It's an absolute Frankenstein of a song, pieced together from scraps of four or five other half-songs. It's a rollercoaster of a song, repeatedly climbing to a peak, sitting on the ledge just for a moment, then plunging down, slowing and starting over. It's a finely-tuned firework display of a song, a series of little explosions, big and small, working in perfect concert.

Just because I can't talk about it adequately doesn't mean the song isn't great, mind.

Ibibio Sound Machine - Let's Dance (Yak Inek Unek)
"1, 2, 3, 4. Let's dance." As far as I can tell, those are the only English words in the whole track. Frankly - and this would be the case even if the rest wasn't in Nigerian Ibibio - they're the only ones that matter.

I'm a sucker for songs that are this explicitly instructive, as long as they've got the beat to back it up. And this really, really does. 1. 2. 3. 4...

Chromatics - Lady
Listening to Lady, I sometimes feel like I can hear through the song itself to the instruments it's made out of, great fictional instruments which fill the sewer systems of entire cities, which were built at great human cost, entirely for the purpose of making an androgynous love song and giving me something to dance to when I'm in the flat on my own. I don't know about you, but I like that kind of arrogance in my synthpop.

Neneh Cherry feat Robyn - Out of the Black
Robyn's the reason I listened to Out of the Black enough to put it on this list (I just miss her, that's all), but she's not the star. Honestly, she might be the weak link. I love the way her voice braids with Neneh's on the chorus, but the way she delivers some lines ("I'm Robyn on the microphone, into the speaker") is actually quite ugly.

No, the star here is that beat, sneaking, oppressive, a shadow looming in your peripherals. Delicious.

Burial - Hiders
Having read some reviews of last year's Rival Dealer EP, Hiders seems to be consistently singled out for its accessible. Or, if it's that kind of publication, a bit too pop. A bit tacky. It's probably no coincidence, then, that's it the first Burial track to make any real impression on me.

There are moments throughout where Hiders constantly threatens to crystallise into a spectral pop song, before moving on, shedding the skin of the last hook to drop in a new voice, a new sample, some environmental sound tweaked just so.

By doing that, it manages to sound bigger than any one song ever could. Just flashes of radio from passing cars in the slightly darker, slightly cooler world where all Burial songs take place.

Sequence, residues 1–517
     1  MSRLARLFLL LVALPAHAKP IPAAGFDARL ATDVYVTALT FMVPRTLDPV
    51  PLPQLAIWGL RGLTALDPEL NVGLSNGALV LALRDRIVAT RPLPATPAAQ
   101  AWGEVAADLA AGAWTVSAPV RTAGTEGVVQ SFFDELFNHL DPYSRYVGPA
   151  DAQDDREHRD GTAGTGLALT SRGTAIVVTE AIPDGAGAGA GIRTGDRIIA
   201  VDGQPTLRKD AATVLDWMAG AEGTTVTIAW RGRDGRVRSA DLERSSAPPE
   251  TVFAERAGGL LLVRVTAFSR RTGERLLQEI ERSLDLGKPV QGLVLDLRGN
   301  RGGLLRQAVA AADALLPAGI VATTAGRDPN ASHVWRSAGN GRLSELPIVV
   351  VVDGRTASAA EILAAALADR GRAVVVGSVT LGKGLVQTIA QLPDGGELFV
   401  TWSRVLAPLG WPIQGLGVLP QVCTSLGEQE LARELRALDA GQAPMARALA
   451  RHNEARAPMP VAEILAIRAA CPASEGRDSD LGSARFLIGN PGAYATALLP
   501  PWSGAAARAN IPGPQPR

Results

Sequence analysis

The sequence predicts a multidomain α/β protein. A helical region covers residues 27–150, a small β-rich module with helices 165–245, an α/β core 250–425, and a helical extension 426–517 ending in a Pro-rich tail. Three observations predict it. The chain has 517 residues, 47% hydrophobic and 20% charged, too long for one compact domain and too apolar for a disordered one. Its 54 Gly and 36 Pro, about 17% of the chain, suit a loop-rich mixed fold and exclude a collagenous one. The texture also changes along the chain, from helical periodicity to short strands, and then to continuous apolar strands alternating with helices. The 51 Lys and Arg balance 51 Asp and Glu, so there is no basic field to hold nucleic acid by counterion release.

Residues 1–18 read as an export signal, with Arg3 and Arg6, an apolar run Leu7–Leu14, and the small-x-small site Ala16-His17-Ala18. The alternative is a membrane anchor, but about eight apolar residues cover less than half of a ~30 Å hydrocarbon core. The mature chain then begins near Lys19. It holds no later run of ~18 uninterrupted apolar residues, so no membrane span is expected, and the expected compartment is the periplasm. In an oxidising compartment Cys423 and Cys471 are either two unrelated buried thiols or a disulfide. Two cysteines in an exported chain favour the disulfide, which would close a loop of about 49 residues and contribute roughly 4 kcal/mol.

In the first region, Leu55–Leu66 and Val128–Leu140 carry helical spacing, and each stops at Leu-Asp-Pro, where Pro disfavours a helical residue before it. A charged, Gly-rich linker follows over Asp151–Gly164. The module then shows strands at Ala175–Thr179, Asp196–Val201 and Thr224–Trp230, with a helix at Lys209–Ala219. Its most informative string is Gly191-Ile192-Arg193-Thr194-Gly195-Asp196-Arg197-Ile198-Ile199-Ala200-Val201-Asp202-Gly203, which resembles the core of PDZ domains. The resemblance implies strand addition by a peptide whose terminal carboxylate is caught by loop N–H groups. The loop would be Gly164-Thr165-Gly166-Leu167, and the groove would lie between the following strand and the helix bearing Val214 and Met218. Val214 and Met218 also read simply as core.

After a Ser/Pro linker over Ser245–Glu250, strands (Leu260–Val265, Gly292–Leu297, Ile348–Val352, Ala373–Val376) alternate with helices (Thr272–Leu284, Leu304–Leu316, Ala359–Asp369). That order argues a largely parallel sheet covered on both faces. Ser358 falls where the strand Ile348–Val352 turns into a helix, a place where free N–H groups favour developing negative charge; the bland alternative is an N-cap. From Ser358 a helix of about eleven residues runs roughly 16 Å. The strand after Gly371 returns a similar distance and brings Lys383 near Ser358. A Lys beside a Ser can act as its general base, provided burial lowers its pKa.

Twista feat Kanye West – Slow Jamz
You might have worked out by now that not all of these tracks are brand new. They're just songs that recently clicked with me. So, to make that absolutely clear, here's Slow Jamz, first released in 2004.

Just about my favourite thing I've done all year is setting up a sort of informal records club with Sam 'Aforementioned' Willet, Dom 'MVP' Parsons and Sam 'The Importance of Being Earnest' Lewis. Together, we've been digging through and discussing Kanye's back catalogue (in case you were wondering, My Beautiful Dark Twisted Fantasy YeezusCollege Dropout > 808s & Heartbreak > Late Registration > Graduation).

This is the track that stuck, a ode to that one playlist you keep in reserve, fully stocked with Gaye and Green and White, for when it's time to get busy.

The whole song pivots on this absolutely killer moment around the 1:30 mark. Kanye and Jamie Foxx ease us in, playing it so soft they practically melt into the Luther Vandross sample underneath. But then his companion chips in, pleading with 'Ye to pick up the pace, faster, faster.

"Damn, baby, I can't do it that fast," Kanye replies. "But I know somebody who can". And instantly Twista kicks in, syllables moving like the hands of a con man where each verse is one of those games with the pea and the shells.

The rest of the song is great, but for me really it's just a structure to support those few seconds, the punchline where Kanye hands the baton over to the guy whose name is on the cover, just for the duration of the song, before he takes the limelight for good.

The Spotify playlist is available for you to cut out and keep here.

About Me

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London, United Kingdom
Videogames, film, music, comics: feed them into the Alex-Spencer machine and out come neat little articles. Like the ones you're looking at here.